Everyone knows the basic story of The Tortoise and the Hare, right? Tortoise and Hare set out to race each other, which is laughable given how fast Hare can run and how slow Tortoise is. The race begins and Hare is out-of-sight, but running alone during the race, he loses focus, stops to relax a bit and falls asleep. Meanwhile Tortoise plods on steadily towards the finish line. When Hare awakens, he dashes back onto the race course full-speed, but alas he is too late and Tortoise crosses the finish line a moment before Hare arrives on the scene. “Slow and steady wins the race.”
I used to joke that in my marriage, it is easy to see who is the Tortoise and who is the Hare. Jon is a natural procrastinator, a handyman who often abandons home improvement projects for months, if not years, at a time. My soulmate knows which post offices stay open till midnight on April 15, because he is able to pull an all-nighter to complete his tax return and still function well at work the next day. He is talented and capable of amazing bursts of productivity, yet he is maddeningly inconsistent.
I, on the other hand, pace myself.
“Shouldn’t we get started painting, if we are going to get to bed by midnight?” I ask. If going on a long vacation, I know I need to start running loads of laundry a couple days in advance, so they’ll be ready to pack. When I take a break, I like to set a timer to remind myself when I need to get back to work. By staying on task better than the Hares of the world, I generally get good results – a high GPA in school, an excellent performance rating at work – slow and steady really DOES win the race.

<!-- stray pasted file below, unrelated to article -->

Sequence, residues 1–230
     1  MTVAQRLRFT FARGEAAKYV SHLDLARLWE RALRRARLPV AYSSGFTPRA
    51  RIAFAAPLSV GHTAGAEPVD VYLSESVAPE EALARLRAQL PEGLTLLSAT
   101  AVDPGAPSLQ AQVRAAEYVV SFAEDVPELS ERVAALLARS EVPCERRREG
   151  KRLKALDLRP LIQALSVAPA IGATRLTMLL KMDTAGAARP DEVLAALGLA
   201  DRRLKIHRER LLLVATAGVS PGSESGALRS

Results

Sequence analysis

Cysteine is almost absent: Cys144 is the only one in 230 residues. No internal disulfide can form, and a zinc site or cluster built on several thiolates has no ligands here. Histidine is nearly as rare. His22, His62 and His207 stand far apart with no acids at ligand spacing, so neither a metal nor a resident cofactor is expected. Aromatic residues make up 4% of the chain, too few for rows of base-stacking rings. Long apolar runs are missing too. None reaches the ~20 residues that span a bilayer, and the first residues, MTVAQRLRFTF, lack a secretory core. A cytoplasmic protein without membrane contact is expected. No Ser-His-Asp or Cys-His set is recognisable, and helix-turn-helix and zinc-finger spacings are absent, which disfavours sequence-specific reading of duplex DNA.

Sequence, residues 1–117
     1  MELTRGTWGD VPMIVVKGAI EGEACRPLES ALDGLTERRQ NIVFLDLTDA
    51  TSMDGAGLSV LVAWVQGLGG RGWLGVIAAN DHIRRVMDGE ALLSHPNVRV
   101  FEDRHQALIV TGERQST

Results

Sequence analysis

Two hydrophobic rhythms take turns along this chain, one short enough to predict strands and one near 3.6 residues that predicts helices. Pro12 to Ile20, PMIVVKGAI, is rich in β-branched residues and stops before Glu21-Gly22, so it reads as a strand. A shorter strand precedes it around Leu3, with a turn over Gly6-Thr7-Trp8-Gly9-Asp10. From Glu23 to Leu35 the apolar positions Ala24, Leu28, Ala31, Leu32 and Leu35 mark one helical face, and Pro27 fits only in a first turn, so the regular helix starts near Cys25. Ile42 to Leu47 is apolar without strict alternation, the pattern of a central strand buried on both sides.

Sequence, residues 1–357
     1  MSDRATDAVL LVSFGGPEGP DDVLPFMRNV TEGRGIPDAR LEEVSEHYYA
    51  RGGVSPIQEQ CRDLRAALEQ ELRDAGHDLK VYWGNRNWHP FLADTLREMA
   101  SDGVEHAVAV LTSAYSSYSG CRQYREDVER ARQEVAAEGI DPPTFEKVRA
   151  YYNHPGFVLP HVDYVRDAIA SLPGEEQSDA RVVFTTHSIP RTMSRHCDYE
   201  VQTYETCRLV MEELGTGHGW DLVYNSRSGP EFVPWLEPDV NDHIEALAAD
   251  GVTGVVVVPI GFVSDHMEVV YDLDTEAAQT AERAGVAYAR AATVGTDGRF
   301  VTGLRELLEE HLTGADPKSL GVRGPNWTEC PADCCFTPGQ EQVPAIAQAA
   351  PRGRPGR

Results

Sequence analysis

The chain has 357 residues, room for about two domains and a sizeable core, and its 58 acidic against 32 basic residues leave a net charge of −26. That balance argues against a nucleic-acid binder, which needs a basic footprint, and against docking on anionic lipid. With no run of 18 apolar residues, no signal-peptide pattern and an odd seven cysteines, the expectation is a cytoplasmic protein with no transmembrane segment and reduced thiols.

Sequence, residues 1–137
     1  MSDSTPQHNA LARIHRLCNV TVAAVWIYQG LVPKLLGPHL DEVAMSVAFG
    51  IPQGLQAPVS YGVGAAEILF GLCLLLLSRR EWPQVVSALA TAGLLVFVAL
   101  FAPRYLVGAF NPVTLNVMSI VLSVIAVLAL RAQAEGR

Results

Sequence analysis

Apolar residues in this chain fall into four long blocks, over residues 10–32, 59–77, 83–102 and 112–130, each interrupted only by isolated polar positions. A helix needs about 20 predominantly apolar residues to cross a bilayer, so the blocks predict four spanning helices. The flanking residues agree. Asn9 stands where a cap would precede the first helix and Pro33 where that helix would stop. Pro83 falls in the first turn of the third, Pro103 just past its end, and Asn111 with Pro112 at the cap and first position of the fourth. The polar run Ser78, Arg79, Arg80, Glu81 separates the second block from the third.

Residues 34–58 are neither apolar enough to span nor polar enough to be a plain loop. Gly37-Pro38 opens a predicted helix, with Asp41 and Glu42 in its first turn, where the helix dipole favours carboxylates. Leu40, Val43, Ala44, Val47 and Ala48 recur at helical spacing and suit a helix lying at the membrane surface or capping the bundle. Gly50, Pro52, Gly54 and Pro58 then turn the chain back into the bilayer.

I’ve always been a bit too proud of being the Tortoise of our relationship. Tortoise is the winner, overcoming obstacles, namely lack of speed, to triumph. Tortoise is the character we are taught to admire.
But recently, it hit me.
The real lesson in the Tortoise and the Hare story: despite dramatically different racing styles, over the long haul, Tortoise and Hare end up at the same point at almost exactly the same time. Yes, yes, Tortoise gets there first and “wins”. But Hare is just a second behind. They are basically in the same place, in synch with each other at the end. And so too have my husband and I often found each other. He does, after all, still do very well at his job and though the progress around our house comes in fits and starts, overall, we do continue to improve the place.
The real moral of the story should be something more along the lines of, “Different strokes for different folks.” Accepting our differences is key in having successful relationships. And I don’t just mean a romantic relationship either. Most people have collaborated on a joint project with someone who has a tremendously different work style. It’s easy to feel that the other person is approaching it from the WRONG perspective, that their strategy is doomed. My advice is to give them space to go at their own pace. Keep your own focus on the finish line and how best to get there and stop judging others.
You’ll notice that Tortoise did not stop and poke Hare, as she passed him by, and deride him for being lazy, scoff that he must be ADHD or nag him to move it. If she had, I believe that neither one of them would have been winners, regardless of who crossed the finish line first. And that is the real moral of the story of The Tortoise and The Hare.
This post was contributed by Dannica Daniels, author of Make Love to Your Food, Wicked New Ways for Women to Lose Weight. Check out her Facebook page to learn more about this title and other pieces by Dannica.
2 thoughts on “The Lesson of the Tortoise and the Hare: Aesop Got It Wrong”
Interested take on a classic.
very good insights, thanks for sharing :)